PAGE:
Workplace stress is not a new thing, but the pandemic brought extra challenges to employees already feeling overwhelmed, burnt out and undervalued. In addition to this, being isolated at home meant there was a lack of support from colleagues and bosses during what was a frightening and strange time.
This community support is essential to maintaining good mental health, and as such, is the theme of this year’s Stress Awareness Month campaign, taking place this April.
A spokesperson for Stress Management Society, which has run the initiative since 1992, said: “A community is much more than just a group of people. It’s about having a sense of belonging and connection to others and feel supported and accepted by them.”
They added: “A lack of community support can result in feelings of social isolation and loneliness.”
Therefore, it is unsurprising that many people felt incredibly lonely during the pandemic when they were forced to work from home, were unable to see family or friends for months on end, and had to put a stop to all their social engagements.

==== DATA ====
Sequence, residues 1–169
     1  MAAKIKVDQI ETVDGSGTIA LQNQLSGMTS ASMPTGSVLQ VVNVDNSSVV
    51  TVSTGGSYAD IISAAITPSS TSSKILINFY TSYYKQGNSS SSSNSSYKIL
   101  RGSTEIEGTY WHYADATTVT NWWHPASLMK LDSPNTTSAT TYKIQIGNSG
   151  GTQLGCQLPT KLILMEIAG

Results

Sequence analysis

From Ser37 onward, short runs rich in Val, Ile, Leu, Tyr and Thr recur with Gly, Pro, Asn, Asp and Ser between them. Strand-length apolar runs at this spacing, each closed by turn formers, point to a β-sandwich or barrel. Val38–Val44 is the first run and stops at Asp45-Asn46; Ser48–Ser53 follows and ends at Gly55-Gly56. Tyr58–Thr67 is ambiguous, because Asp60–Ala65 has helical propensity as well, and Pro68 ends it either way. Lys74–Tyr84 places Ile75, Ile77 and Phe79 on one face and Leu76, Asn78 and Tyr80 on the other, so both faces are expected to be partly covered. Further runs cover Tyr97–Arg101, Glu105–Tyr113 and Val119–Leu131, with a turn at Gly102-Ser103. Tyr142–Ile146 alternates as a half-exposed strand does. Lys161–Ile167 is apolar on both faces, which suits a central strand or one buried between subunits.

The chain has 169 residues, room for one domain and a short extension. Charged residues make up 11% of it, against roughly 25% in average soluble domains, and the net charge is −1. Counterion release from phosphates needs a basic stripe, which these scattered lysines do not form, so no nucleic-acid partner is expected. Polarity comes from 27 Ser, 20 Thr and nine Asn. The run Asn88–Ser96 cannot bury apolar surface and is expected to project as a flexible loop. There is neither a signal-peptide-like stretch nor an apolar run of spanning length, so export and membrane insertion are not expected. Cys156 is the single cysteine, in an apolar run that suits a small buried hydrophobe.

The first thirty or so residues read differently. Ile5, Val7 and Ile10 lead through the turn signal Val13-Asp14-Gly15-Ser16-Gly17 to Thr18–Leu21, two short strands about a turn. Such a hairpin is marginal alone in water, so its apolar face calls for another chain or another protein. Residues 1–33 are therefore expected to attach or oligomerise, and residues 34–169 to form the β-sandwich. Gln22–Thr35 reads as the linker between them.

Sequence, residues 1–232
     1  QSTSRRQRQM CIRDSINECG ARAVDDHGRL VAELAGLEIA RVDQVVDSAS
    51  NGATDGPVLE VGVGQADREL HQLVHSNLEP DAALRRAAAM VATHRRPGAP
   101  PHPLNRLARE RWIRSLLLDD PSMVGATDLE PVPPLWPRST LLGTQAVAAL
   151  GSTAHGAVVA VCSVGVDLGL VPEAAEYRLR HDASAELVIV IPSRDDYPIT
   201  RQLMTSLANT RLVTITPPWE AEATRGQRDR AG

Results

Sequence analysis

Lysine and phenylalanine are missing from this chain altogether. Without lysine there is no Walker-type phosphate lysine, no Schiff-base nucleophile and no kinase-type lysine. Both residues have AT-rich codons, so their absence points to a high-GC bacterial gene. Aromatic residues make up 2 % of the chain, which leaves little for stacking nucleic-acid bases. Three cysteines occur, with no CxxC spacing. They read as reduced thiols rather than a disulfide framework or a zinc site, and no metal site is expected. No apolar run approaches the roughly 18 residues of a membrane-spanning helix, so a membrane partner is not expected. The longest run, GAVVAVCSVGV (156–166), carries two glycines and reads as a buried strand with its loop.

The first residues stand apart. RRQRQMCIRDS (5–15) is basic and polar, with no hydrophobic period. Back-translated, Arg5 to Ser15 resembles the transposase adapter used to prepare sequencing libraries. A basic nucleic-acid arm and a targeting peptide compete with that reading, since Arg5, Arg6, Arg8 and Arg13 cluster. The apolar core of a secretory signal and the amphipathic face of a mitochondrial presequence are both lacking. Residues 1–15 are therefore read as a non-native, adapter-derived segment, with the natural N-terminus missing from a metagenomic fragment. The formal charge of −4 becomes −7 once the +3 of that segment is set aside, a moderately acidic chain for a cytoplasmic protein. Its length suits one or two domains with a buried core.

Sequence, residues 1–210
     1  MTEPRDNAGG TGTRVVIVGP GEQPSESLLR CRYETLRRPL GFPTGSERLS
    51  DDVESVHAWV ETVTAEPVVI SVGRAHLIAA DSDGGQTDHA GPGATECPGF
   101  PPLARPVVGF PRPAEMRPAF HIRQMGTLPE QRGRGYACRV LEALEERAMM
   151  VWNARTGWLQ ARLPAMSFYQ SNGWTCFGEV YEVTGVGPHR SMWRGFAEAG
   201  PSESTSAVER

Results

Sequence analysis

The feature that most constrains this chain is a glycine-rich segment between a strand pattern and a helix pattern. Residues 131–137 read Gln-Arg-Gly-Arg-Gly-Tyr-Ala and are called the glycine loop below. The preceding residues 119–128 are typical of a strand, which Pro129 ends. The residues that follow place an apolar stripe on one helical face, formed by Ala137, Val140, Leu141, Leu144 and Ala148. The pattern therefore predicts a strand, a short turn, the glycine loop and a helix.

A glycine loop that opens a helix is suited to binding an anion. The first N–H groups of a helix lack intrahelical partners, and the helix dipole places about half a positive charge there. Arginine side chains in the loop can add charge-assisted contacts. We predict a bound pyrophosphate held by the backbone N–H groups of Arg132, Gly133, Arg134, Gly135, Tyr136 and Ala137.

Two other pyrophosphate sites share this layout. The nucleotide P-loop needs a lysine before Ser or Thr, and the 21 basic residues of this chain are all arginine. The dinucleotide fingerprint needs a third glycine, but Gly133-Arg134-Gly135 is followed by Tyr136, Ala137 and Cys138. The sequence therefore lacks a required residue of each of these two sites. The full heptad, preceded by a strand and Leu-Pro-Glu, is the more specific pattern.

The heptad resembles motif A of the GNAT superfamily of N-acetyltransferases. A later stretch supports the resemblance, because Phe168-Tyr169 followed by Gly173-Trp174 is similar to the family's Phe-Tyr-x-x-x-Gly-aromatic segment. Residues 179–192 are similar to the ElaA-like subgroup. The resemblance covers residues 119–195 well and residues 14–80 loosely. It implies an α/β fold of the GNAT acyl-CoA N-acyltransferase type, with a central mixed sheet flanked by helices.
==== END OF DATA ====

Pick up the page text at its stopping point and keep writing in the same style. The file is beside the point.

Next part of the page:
“The pandemic has had a hugely detrimental effect on the nation’s mental health and sense of community,” it was added. However, the organisation is hopeful that people can do their bit to be there for each other more now Covid restrictions are lifting.
When it comes to feeling lonely, anxious or frightened in the workplace, Adrian Lewis, commercial director at Active People HR, told HR News that employers need to be aware of the difficulties some employees might currently be facing and support those who they suspect to be suffering.
By opening up conversations about mental health at work, encouraging employees to chat through issues during meetings, and introducing Fridays’ drinks or coffee mornings, this can help alleviate feelings of loneliness and bring back the idea of ‘community’.
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